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‘Epidemic’ of violence against women a national crisis

Desperate call for action after spate of horror killings

A recent spate of violent deaths of women across Australia has sparked a bipartisan call for better support and a national approach to tackling the scourge.

Researcher and journalist Sherele Moody, of Australian Femicide Watch, said 58 women had been killed in Australia this year.

Five have died in just the past 10 days.

The most recent deaths spanned the nation with women found dead in Perth, Bendigo, Canberra, Sydney, the Hunter region and Aldinga beach in South Australia.

One of the most high-profile was that of 21-year-old high school water polo coach Lilie James, whose body was found with horrific head injuries in the gymnasium toilets at a Sydney private school on Thursday.

Paul Thijssen, a 24-year-old sports coach at the same school, was wanted for questioning and had reportedly been in a relationship with her during the weeks leading up to her death.

On Sunday, 46-year-old Analyn Oasias was found unresponsive in a Kangaroo Flat property, south of Bendigo in central Victoria.

She was taken to hospital but died a short time later.

Oasias’s two primary school-aged children were in the home at the time but were not physically injured.

A 44-year-old Junortoun man has been charged with her murder.

Elsewhere, Cameron John Pearson, 42, briefly appeared in Perth Magistrates Court on Tuesday accused of murdering respected lawyer Alice McShera, 34. Her body was found with serious head injuries in a luxury hotel room in Perth’s casino resort on Monday.

In a joint statement on Wednesday, Liberal MP Bridget Archer, Labor MP Alicia Payne and Greens spokeswoman on women Larissa Waters urged governments to tackle the root causes of violence against women and children, and transform harmful social norms that can lead to femicide.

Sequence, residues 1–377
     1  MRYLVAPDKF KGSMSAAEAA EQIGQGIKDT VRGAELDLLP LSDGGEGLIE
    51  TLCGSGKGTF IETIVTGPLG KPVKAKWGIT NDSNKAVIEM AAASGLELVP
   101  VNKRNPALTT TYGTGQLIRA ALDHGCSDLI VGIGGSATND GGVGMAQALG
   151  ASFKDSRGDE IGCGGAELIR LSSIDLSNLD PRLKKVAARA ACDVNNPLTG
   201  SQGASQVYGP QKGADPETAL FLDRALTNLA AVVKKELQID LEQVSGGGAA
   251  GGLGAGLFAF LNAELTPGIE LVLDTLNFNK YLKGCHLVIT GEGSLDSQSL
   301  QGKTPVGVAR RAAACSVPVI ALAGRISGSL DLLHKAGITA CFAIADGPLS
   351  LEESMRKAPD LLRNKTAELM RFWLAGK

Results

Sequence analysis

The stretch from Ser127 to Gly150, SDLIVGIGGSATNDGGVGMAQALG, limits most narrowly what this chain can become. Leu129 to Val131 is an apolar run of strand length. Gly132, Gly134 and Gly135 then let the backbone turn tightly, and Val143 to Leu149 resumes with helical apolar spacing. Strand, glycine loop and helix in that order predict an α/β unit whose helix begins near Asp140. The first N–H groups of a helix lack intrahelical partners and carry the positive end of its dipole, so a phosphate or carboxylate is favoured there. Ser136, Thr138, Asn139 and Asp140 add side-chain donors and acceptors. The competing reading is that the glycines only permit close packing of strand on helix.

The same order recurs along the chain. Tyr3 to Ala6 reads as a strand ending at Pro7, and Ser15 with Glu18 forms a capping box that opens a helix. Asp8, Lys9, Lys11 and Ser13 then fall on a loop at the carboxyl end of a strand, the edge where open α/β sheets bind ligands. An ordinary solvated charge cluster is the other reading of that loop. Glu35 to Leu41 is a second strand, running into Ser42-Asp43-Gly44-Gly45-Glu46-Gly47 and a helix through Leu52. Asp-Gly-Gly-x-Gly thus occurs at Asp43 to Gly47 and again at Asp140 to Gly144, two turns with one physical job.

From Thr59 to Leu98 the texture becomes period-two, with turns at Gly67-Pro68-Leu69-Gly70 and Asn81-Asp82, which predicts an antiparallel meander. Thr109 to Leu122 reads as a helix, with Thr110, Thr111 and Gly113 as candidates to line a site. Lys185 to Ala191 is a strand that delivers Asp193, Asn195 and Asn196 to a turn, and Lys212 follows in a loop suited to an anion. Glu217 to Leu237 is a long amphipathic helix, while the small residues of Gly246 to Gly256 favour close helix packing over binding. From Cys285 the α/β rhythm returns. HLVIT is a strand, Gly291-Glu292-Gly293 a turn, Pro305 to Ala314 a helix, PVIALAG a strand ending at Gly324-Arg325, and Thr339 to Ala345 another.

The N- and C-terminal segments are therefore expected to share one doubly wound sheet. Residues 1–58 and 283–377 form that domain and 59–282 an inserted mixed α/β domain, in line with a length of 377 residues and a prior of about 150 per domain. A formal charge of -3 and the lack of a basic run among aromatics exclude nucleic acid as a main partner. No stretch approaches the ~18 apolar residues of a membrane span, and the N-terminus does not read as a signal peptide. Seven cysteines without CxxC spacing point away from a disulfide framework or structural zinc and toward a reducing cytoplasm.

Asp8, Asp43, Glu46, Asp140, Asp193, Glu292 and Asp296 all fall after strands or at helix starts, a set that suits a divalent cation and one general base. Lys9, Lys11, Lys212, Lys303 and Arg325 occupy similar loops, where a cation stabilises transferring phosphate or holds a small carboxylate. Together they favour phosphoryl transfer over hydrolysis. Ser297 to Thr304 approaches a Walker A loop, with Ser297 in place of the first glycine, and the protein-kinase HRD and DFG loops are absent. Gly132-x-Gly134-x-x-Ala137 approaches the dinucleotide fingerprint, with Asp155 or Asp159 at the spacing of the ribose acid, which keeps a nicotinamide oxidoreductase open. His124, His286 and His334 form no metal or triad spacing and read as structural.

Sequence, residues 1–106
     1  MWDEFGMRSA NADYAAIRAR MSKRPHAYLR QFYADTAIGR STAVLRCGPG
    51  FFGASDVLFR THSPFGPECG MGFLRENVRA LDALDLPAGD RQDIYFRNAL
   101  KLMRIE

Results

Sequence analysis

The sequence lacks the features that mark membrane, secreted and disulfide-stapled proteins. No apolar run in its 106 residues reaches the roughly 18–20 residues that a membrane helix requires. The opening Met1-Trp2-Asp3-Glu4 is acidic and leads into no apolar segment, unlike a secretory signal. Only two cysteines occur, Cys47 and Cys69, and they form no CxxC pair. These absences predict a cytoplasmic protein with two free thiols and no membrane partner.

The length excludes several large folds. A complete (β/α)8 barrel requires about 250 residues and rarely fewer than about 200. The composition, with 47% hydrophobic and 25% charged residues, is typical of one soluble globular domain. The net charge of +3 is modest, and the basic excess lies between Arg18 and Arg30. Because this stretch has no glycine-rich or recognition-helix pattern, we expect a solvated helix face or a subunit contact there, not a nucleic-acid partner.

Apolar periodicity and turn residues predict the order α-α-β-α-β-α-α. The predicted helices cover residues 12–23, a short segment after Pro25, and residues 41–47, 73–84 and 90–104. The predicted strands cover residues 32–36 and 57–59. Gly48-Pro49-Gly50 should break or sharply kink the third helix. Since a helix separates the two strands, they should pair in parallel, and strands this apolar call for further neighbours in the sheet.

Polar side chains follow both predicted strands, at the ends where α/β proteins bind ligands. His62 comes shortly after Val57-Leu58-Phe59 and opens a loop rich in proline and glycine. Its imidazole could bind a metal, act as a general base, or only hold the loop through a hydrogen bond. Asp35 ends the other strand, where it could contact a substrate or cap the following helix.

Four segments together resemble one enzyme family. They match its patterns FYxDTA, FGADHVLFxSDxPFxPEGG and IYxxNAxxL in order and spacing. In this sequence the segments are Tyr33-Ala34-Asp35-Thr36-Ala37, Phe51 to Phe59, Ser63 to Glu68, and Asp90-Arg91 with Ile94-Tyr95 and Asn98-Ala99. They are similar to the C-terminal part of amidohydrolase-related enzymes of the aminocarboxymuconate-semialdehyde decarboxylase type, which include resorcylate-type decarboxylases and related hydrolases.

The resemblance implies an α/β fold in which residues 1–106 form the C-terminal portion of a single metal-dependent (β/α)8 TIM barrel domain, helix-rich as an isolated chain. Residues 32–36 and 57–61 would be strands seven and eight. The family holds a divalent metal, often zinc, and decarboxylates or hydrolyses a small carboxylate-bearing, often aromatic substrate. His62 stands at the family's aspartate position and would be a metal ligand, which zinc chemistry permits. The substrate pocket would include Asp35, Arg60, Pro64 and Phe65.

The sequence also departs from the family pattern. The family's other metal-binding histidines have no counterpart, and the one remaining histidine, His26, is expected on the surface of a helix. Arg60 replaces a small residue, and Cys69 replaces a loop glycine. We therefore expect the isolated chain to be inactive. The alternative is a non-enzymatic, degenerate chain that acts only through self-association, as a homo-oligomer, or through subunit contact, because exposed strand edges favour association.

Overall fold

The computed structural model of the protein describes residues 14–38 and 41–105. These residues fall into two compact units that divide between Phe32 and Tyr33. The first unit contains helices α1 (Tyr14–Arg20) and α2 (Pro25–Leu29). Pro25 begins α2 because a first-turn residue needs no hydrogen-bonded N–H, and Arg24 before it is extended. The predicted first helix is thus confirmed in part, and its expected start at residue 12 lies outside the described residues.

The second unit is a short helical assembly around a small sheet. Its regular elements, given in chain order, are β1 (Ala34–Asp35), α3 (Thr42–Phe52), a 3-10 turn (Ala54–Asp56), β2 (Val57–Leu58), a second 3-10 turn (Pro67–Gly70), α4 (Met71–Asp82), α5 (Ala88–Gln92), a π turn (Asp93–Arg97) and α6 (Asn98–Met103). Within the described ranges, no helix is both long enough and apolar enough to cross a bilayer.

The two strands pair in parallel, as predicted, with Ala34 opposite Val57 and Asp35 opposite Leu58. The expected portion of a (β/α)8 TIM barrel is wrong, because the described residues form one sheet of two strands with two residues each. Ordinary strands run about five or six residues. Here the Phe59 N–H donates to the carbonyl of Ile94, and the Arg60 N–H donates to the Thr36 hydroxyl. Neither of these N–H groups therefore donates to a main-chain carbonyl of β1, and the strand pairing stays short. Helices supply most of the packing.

They also called for more funding for frontline services that provided help to women escaping violence.

“Governments at all levels must continue to prioritise this issue with funding and leadership, and each of us must drive the cultural change we need to end the epidemic of violence against women in our communities,” they wrote.

Acting Opposition Leader Sussan Ley said things needed to change.

“This is a national crisis and we are not talking about it enough,” she said.

“With more and more women being killed, questions must be asked about what is being done.

“We must move past despair and anger and take greater action, because the violence has not slowed and the killings have not stopped.”

Elsewhere, advocate Chanel Contos criticised the lack of media coverage of the 58 women allegedly killed in by men close to them.

“Where is the coverage for that? Matthew Perry, from Friends died last week, every single media outlet in Australia covered it,” she told the National Press Club on Wednesday.

Contos also criticised the emphasis on Thijssen, the colleague suspected of killing James.

“There was things saying he was a school leader, he was a sports captain, celebrating his status as if it’s a shock horror,” she said.

“Just the way that teachers should have training … to be transformative actors in this change, so should the media.

“We need to stop with the clickbaity headlines, that’s trauma bait from someone’s travesty.”

Exact figures on the number of women killed by violence can be hard to pinpoint due to the nature of ongoing investigations and the pace at which these statistics can grow.

But research shows family, domestic and sexual violence remains a persistent issue.

The Australian Bureau of Statistics found one-in-six women, since the age of 15, had experienced physical or sexual violence by a current or previous co-habiting partner.

A survey on national community attitudes found there was an improvement in understanding of violence against women.

However, 25 per cent of respondents believed women who do not leave their abusive partners are partly responsible for the violence continuing and 34 per cent agreed it was common for sexual assault accusations to be used as a way of getting back at men.

About a third did not know women were more likely to be raped by a known person than a stranger and 43 per cent did not recognise men were the most common perpetrators of domestic violence.

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– with AAP

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